MP Bill Esterson has criticised the government's new jobs protection scheme, saying it "looks like a plan designed so that no one will want to use it".
The MP for Sefton Central and Shadow International Trade Minister said the plan for the government to support workers who work at least one third of their usual hours, means businesses will pay more to keep on two members of staff part time than one full time.
Mr Esterson said that rather than a plan for jobs, the scheme was in danger of becoming a plan for "mass unemployment" and needed a rapid adjustment.
The Chancellor Rishi Sunak has announced that from November 1 the Job Support Scheme would replace the Coronavirus Job Retention Scheme.
The new scheme will be applicable to staff who are able to work a third of their usual hours. Staff will be paid by employers for the hours they can work. The Government and the employer will top up wages for any hours not worked.
The Chancellor has said that employees who work 33 per cent of their hours will receive 77 per cent of their full pay.
The scheme will last six months.
The previous, more generous, Job Retention Scheme, also known as "furlough", which will end on October 31, initially paid 80 per cent of an employee's salary, up to £2,500 per month, reducing to 60 per cent currently.
Furloughed employees do not have to work any hours to qualify, but may work some hours, with the government supporting the pay for the hours they do not work.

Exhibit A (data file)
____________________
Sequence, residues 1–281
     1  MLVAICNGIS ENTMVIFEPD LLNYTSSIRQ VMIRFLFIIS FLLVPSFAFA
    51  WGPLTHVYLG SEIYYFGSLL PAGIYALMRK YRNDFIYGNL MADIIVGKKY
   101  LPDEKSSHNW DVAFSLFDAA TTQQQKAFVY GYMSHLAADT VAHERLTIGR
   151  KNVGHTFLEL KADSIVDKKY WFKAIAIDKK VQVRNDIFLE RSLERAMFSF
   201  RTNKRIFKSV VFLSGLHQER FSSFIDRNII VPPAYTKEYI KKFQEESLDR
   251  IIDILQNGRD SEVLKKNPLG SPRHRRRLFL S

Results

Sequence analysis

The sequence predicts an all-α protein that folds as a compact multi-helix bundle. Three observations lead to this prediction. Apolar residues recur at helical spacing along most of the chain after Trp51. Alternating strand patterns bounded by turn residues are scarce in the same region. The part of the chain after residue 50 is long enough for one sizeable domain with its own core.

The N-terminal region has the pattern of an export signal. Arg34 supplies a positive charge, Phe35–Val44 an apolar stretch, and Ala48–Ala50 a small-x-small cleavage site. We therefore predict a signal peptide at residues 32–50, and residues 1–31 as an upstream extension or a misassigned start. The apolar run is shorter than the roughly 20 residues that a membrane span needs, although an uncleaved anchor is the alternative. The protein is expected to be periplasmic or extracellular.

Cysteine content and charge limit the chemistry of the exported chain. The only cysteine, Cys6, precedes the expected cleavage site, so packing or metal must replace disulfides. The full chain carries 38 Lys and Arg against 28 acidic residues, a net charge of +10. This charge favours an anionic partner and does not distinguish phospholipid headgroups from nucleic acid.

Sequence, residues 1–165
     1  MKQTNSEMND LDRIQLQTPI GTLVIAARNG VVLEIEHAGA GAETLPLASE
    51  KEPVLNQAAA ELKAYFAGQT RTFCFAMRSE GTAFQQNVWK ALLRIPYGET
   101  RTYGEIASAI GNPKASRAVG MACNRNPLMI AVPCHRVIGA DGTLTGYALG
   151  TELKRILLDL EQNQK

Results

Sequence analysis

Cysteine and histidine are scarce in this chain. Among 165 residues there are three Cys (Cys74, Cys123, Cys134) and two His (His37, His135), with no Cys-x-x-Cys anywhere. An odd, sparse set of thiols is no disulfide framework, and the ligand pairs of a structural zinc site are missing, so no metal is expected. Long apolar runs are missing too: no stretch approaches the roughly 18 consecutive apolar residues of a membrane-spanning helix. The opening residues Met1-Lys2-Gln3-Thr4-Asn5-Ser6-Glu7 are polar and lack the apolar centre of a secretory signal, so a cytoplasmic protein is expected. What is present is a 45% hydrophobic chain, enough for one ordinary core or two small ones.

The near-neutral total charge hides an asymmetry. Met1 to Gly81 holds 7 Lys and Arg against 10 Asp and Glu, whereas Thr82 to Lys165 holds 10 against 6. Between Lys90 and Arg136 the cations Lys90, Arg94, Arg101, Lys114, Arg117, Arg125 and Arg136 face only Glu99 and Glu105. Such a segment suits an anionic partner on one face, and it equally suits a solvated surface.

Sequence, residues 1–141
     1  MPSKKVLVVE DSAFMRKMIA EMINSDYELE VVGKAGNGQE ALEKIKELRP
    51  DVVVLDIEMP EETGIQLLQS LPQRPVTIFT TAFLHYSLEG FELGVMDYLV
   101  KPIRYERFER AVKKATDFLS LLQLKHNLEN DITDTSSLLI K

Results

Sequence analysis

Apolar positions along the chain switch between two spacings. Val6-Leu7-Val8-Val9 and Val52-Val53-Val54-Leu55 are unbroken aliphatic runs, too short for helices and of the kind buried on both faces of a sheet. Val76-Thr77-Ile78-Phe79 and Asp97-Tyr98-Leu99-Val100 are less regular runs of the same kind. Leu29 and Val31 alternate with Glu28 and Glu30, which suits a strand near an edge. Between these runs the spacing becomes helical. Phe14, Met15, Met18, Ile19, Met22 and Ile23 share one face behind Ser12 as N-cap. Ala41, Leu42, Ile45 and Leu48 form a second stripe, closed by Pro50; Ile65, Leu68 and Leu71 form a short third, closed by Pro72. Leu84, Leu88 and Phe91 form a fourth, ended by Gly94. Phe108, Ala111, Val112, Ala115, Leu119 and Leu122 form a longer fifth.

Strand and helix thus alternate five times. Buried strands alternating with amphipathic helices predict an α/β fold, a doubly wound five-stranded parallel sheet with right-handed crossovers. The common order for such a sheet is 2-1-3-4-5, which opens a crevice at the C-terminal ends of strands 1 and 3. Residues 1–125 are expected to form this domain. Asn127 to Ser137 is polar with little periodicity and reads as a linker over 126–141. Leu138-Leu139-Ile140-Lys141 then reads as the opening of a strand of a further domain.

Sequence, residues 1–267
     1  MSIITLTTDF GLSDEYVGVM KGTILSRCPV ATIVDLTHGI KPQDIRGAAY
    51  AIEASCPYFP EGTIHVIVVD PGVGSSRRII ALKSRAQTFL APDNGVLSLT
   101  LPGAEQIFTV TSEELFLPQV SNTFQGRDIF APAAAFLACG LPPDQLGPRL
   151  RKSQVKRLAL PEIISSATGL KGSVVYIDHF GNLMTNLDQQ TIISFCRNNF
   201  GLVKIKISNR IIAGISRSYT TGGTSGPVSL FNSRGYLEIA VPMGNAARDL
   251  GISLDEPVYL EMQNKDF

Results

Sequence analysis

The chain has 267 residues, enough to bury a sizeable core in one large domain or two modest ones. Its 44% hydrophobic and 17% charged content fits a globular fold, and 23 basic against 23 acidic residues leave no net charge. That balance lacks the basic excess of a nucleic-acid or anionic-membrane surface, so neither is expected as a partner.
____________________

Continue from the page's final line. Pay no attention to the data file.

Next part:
The self-employed have been able to access the self employment income support scheme (SEISS), which has paid up to 80% of trading profits for those earning under £50,000 per year on average for the past three years.
From November 1 that support will reduce to just 20% of normal trading profits for three months.
As well as receiving help from the new job support scheme, companies that bring back workers from furlough will also be able to claim the Job Retention Bonus, where the government pays £1,000 for every furloughed employee who comes back to work until at least the end of January.
Around three million workers, thought to be around 12 per cent of the UK workforce, are currently fully or partially furloughed.
Mr Esterson said: "The Chancellor's announcement is just too little too late. There are thousands of workers who have already been handed their redundancy notices, and this will have ended the hopes of thousands more, particularly in industries like events and hospitality which are being restricted from operating right now due to Covid. How do these businesses pay even a third of an employee's wages, never mind 55 per cent?
"Labour has been calling for targeted support for the worst affected industries, and for support for those three million people who have so far received nothing and have not been eligible for any help.
"To ask firms to pay 55% of the wages of a staff member who only works a third of their usual hours makes no sense. It means it is more expensive to bring back two workers on a third of their normal hours than one worker on full-time hours. It is cheaper to bring back two employees on a third of their hours and pay them a third of their hours, than to use this scheme and have their wages topped up.
“It actually incentivises employers to keep some staff on but make others redundant and it incentivises employers not to use the scheme. It is like the Chancellor has deliberately devised a scheme no one will want to use. This is not a plan for jobs, it's in danger of being a plan for mass unemployment.
"And still there is nothing for the three million workers who have been excluded from all help up to now. The government should learn from Germany where the job support scheme pays more than three times as much and is until at least the end of next year.”